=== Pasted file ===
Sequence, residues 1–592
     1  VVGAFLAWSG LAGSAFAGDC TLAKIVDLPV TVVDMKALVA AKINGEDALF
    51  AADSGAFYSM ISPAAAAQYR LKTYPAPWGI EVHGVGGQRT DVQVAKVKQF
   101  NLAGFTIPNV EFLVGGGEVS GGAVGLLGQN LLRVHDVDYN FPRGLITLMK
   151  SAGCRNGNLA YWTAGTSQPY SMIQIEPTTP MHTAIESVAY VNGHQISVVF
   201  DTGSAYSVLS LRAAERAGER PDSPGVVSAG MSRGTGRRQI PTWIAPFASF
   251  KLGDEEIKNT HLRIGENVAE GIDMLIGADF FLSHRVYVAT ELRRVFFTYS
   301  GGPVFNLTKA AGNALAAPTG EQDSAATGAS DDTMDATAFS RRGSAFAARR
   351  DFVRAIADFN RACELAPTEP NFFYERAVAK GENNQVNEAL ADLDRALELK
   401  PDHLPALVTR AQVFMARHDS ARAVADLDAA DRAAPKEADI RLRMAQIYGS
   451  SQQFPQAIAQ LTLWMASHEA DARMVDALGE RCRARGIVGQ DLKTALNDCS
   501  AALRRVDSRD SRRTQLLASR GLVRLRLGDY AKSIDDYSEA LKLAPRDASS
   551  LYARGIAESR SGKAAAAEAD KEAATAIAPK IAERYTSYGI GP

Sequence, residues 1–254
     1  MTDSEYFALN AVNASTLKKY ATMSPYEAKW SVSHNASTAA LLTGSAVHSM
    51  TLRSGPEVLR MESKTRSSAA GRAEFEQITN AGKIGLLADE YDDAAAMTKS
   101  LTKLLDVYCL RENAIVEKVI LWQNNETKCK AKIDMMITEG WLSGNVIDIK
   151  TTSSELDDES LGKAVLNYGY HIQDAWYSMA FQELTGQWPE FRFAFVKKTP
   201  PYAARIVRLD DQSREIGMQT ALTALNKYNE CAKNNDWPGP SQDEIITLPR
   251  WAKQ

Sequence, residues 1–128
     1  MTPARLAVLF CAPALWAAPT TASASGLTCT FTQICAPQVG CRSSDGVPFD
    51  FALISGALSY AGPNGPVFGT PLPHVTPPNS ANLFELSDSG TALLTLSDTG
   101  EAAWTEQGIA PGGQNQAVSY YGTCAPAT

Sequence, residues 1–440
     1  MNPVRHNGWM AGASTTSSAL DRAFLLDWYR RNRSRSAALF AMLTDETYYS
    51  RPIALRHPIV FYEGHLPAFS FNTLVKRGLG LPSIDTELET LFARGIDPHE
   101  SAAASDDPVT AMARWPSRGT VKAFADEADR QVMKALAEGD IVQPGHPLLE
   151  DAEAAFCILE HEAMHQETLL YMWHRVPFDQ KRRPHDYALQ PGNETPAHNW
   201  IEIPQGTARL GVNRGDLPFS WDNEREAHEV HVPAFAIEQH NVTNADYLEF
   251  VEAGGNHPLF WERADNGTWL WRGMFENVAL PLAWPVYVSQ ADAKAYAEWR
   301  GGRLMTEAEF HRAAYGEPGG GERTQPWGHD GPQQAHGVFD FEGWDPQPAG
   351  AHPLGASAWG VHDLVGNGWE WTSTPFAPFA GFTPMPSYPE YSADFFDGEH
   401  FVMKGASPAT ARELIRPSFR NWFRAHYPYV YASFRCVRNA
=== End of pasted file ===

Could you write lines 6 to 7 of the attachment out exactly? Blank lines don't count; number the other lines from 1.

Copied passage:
   201  DTGSAYSVLS LRAAERAGER PDSPGVVSAG MSRGTGRRQI PTWIAPFASF
   251  KLGDEEIKNT HLRIGENVAE GIDMLIGADF FLSHRVYVAT ELRRVFFTYS